Acorn Abundance Influences Behaviors of Ohio’s Wildlife

Ohio wildlife, such as fox squirrels, seek out acorns as a food source during the fall and winter.

COLUMBUS, Ohio – The 2022 survey of acorn abundance on selected Ohio wildlife areas shows an average of 39% of white oaks and 37% of red oaks bore fruit, according to the Ohio Department of Natural Resources (ODNR) Division of Wildlife. The long-term average for white oak production is 37%, and 54% for red oak production.

“A mature oak tree can produce thousands of acorns, which in turn feed more than 90 of Ohio’s forest wildlife species,” said Division of Wildlife Chief Kendra Wecker. “Deer, turkeys, squirrels, ruffed grouse, blue jays, raccoons, woodpeckers, foxes, and more seek out and eat acorns throughout the fall and winter.”

Acorns come in two basic types: red and white. They are divided into these groups based on the type of oak tree. Red oak acorns take two years to develop, and the acorns are bitter, containing a large amount of the chemical tannin. White oak acorns take only one year to develop and have a sweeter taste. These differences cause periodic fluctuations in statewide acorn abundance. Low mast production years are a normal part of this cycle, and wildlife readily adapt to find alternative food sources.

Each summer, Division of Wildlife employees scan the canopies of oaks at selected wildlife areas to determine the percentage that produced acorns as well as the relative size of the acorn crop. This is the 18th year the Division of Wildlife has completed the mast survey. Statewide, the proportion of white oaks bearing acorns (38%) was the same as last year, while the percentage of red oaks with acorns (37%) was down 12%. All results, including tables and historical numbers, are available at

In addition to determining the presence or absence of acorns, observers estimate the percentage of each tree’s canopy that contains acorns. The average crown coverage for white oak acorns this year was 9%, near the long-term average. For the second year in a row, average crown cover of red oaks decreased, averaging 10% statewide, compared to the long-term average of 19%. This year, white oaks had higher mast production in the southern part of the state, while red oaks did better in the northern part.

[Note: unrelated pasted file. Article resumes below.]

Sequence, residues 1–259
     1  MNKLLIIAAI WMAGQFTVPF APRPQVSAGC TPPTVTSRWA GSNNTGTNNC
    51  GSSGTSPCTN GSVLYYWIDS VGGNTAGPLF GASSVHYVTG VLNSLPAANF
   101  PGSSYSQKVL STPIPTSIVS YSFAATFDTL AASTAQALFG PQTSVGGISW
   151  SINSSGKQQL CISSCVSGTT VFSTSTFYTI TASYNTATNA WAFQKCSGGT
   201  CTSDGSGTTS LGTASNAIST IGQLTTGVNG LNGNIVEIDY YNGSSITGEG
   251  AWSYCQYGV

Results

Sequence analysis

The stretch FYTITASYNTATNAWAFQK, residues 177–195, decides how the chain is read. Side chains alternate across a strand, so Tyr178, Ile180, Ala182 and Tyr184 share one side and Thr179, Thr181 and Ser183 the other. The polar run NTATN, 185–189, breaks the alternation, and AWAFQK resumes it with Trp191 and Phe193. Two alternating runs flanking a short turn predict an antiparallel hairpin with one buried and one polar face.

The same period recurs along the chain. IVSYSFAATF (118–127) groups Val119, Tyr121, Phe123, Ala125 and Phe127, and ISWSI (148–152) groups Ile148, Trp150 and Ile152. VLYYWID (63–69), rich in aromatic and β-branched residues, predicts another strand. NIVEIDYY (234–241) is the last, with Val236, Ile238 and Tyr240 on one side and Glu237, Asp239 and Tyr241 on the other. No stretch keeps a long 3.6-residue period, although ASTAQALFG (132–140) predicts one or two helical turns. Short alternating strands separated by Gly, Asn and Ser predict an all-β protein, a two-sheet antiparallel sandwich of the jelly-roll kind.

As a critical food source for many forest wildlife species, acorn abundance has been linked to body condition, winter survival, and reproductive success. A year with low acorn abundance causes deer and other wildlife to move around more in search of food. In areas with poor acorn production, wild animals are more likely to feed near agricultural areas and forest edges.

Deer hunters can use acorn survey information to improve hunting success. In areas where acorns are an important part of the deer’s diet, mast availability can affect deer movements and ultimately hunter success. In poor mast years, deer are forced to use other food sources, and travel distances between feeding and bedding areas may be longer. Hunters may key in on travel corridors and alternate food sources.

Oak trees have value beyond food and shelter for wildlife. Collect mature acorns in the fall and place them in a bucket of water. Keep the ones that sink and discard any that float, as those won’t germinate. Store the remaining acorns in the refrigerator or outside for at least eight weeks in the winter months. Plant the acorns under a shallow covering of soil in the early spring, water regularly, and enjoy seeing your new oak trees grow!

Learn more about the species that depend on acorns by exploring the Division of Wildlife’s free field guides. Follow the Division of Wildlife on Facebook, Instagram, and Twitter for the latest updates, information, and stories.

The mission of the Division of Wildlife is to conserve and improve fish and wildlife resources and their habitats for sustainable use and appreciation by all. Visit to find out more.

ODNR ensures a balance between wise use and protection of our natural resources for the benefit of all. Visit the ODNR website at


Information courtesy of the Ohio Department of Natural Resources